I had always said I would never read on a device. I had always said I would never have a cell phone. Well, you know what they say about “never.” As for “always,” it really can’t be projected into the future. You can presume. But “always” is like “a body in motion.” It will continue until an external force interrupts it or redirects it. “Always” is constant only in the past or in the present–always did, always do. Circumstances can change, forcing you to make changes. Didn’t have to before, but do now. Didn’t want to before, but now do. You can change, maybe learn something new that causes you to see something differently; you change your mind.
So, I’ve had a cell phone for about eleven years. Circumstances changed, and I had to get one. Now, I need one. It’s literally a necessity. For me.
The cool thing is that cell phones have changed and improved considerably since I first got one. I’m sure I don’t have to explain that. Most people use them far more than I do. I’m selective about apps. I actually prefer my laptop for most things. But recently I downloaded and started using the Libby app. It’s awesome. I can check out books from the library. Either e-books, or audiobooks. E-books on my computer hurts my eyes. But I don’t have an issue reading from my iPhone, I have discovered, to my delight. So, when I wake up in the wee hours, as I tend to do (I’ve always been prone to insomnia, even as a kid), I don’t have to turn on a light to read. I just reach for my iPhone.
On my laptop, I sometimes listen to audiobooks. I only listen to books when I need to hear the information, and don’t care about the writing itself. Or when I’m not sure I will like the writing/writer. Hearing is easier than reading. When I read, I read for “the word.” The language. How something is written. I look for beauty in the language, in the style. I look for depth in the writer and the writing, the work. If it’s beautiful writing, I want to experience reading it. I want to look at the words. Savor them. It’s interesting, though, because poetry is different. Hearing it read gives it a different dimension. Deeper, further meaning.
I am currently reading My Struggle: Book Five, by Karl Ove Knausgaard. With the Libby app. I started with book 5 (of 6 autobiographical novels, written after his debut novel Out of the World, which I also want to read) because in it he writes about having writer’s block, while seeing his friends one by one get published. He writes about “a shattering love affair,” and also, “his father dies, and shortly thereafter he completes his first novel.” I thought, OK, I’ll bet he has father issues. To my thinking, this book had potential for depth. I’m loving it. I’m so happy to be reading this. I will read more Knausgaard after this.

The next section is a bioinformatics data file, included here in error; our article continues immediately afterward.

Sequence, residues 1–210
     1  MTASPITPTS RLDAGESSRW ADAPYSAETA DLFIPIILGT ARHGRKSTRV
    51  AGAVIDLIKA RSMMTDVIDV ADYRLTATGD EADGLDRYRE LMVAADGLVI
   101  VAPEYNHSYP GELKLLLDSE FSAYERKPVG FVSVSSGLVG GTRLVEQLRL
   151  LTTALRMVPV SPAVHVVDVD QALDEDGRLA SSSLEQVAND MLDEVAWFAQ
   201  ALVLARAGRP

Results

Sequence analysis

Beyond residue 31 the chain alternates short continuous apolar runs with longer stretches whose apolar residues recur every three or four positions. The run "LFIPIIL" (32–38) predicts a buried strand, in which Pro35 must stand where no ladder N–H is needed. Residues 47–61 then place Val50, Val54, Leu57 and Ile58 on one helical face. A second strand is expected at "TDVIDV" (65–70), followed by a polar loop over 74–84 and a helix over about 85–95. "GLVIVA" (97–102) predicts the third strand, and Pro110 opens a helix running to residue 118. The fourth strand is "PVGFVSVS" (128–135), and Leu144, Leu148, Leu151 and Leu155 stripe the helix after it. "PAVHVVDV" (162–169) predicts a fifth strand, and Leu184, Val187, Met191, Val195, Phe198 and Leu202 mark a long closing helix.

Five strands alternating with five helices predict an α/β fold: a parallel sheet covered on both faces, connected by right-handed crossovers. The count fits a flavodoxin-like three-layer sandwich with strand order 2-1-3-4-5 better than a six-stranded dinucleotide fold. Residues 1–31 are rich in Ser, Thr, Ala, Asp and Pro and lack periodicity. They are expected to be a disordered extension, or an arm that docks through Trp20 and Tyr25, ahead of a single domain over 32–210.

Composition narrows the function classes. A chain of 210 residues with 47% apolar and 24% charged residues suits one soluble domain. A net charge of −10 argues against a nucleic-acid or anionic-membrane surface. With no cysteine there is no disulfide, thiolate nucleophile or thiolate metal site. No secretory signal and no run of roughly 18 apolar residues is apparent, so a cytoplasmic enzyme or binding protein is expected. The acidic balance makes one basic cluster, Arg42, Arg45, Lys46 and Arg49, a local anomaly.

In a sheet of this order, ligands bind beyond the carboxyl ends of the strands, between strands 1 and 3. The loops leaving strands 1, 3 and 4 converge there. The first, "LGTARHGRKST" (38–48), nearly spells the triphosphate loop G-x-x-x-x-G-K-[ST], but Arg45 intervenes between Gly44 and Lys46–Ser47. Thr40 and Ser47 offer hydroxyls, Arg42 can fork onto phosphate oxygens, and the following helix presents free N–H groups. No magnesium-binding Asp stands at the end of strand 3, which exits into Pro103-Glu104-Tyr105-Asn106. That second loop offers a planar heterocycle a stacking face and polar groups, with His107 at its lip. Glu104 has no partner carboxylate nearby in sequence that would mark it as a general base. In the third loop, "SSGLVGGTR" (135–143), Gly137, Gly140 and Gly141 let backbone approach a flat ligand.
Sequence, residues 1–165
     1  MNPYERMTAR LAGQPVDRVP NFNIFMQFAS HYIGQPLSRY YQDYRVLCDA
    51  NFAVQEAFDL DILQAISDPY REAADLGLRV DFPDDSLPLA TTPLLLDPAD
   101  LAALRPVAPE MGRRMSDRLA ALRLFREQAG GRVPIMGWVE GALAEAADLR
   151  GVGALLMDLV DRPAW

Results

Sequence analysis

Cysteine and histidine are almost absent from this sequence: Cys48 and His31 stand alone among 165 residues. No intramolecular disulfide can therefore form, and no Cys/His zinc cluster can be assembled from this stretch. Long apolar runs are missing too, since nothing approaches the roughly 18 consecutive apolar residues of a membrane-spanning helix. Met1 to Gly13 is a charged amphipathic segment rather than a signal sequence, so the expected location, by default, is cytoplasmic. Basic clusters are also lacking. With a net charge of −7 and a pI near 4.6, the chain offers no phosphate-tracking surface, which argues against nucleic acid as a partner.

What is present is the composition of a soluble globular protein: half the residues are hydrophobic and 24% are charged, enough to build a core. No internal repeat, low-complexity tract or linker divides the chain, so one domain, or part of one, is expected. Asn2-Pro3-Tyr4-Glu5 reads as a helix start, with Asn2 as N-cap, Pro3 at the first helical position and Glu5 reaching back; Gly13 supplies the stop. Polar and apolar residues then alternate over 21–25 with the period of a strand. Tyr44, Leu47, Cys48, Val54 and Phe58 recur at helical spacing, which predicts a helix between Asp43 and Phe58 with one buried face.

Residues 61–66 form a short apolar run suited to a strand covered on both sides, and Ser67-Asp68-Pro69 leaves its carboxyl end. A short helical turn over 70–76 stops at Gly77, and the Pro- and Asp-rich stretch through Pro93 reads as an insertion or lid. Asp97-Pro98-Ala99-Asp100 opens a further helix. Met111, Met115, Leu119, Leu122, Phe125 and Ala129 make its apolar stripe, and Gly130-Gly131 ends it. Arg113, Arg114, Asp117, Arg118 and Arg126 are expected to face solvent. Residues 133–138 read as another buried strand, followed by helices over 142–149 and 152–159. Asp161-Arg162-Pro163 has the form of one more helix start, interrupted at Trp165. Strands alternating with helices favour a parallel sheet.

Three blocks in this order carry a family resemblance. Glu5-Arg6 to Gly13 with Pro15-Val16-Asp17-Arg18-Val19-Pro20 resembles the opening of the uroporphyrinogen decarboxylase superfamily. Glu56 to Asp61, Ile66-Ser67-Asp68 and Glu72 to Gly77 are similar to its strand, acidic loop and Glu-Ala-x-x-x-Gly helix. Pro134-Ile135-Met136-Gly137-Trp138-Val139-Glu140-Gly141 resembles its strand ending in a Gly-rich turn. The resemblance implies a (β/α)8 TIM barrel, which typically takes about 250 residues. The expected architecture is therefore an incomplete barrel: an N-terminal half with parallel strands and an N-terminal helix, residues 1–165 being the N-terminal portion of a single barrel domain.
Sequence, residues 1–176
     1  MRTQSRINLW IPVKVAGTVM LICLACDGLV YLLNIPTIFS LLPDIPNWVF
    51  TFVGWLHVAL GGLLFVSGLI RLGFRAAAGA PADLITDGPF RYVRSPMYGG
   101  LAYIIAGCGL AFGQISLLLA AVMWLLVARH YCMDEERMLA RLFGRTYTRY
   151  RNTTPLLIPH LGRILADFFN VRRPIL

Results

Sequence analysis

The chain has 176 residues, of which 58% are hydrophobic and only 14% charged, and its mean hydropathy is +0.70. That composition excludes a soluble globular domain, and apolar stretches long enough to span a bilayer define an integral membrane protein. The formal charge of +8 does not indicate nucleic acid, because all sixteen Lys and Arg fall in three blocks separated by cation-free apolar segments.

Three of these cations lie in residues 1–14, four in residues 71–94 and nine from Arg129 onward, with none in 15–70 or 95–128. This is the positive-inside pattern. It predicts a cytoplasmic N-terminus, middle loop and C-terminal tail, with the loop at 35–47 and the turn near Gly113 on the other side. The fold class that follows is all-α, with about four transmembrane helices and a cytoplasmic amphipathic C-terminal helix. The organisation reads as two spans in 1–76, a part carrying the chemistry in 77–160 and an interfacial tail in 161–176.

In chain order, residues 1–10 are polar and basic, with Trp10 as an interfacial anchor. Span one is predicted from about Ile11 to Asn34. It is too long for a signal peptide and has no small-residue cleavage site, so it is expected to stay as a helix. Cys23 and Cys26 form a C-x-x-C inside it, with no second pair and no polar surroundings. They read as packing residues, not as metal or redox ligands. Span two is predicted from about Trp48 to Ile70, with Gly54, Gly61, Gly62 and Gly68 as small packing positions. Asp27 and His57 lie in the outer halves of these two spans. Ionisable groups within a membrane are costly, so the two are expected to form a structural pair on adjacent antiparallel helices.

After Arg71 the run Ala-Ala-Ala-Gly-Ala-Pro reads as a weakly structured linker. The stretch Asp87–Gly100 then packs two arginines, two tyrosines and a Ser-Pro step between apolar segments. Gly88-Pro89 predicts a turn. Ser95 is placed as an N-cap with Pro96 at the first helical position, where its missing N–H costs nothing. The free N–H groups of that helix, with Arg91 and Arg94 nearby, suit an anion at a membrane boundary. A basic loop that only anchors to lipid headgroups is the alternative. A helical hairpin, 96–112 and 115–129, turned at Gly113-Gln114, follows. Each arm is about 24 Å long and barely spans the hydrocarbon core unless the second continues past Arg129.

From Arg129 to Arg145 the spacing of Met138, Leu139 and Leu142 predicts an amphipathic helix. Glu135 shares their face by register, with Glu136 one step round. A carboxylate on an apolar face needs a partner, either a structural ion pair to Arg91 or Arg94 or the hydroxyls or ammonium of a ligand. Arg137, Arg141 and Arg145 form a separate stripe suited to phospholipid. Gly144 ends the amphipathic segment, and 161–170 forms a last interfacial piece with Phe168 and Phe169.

I came across an article about Zadie Smith, actually, and she mentions Knausgaard. I was intrigued, and decided to check him out. But I also wanted to read Zadie Smith. I’ve seen her name for some time, but hadn’t looked her up. This article made me curious, so I checked out my library. 99% of the time, the book I want to read isn’t at my branch. I had to request it. (Knausgaard is only available as an ebook. That’s why I downloaded the Libby app.) I had already requested Largesse of the Sea Maiden, Denis Johnson (R.I.P 😦 ), posthumously published. I was number nine of nine requests for Largesse. I didn’t expect it all that soon. All the books were checked out, and there were eight people in front of me. What if the readers held on to the book for the entire three weeks. Or passed the due date. I’d have time to read ZS first. I presumed. It only took a couple of days to get ZS. When I went to pick up the book yesterday, the librarian told me Largesse was in too. Came in that morning. 😮 I was surprised, but happy. 🙂 That means I have to complete it first, because last I checked, 46 people were waiting behind me. For all I know, the list has grown even longer. I think it’s cool that people still utilize libraries.
I’ve decided to read Largesse first, continue with Struggle also, as I can during the day, and if/when I wake up during the night, then I’ll get to ZS. I should be able to get through Largesse in three days. I’m not a speed reader. Some people read really fast. I wish I did, because there are so many books I want to read. But I’m not a fast reader. Just not.
I have no idea if I’ll like Zadie Smith’s novels. Some people love them, some don’t like them at all, from comments I’ve read. I’d probably like her essays, though. I did like her responses to fans in the article I read. The only thing I didn’t agree with, was her opinion of Jay-Z. She says his rapping “pours right into your ear like water from a tap.” Not for me. More like water up my nose. Not a fan. At all. And apparently, she had “early dislike of Joni Mitchell” and I gather from the article she considered her low-brow. For me, I dislike Mitchell’s voice, I find it jarring, but I do think she wrote some beautiful lyrics. I love hearing people with beautiful voices sing Joni Mitchell songs. Her lyrics are poetry.
Reading (and music) is a personal experience. Depends on who you are, what you need, what you seek, how you think, how you perceive, what and how you understand, what you know or don’t. And then there’s personal taste. I think vibration has something to do with it too. Isn’t that what the the whole universe is, energy and vibration? We dig a particular vibe, and totally dislike another. And it’s all cool. You know? It’s all cool. Different strokes. That’s all.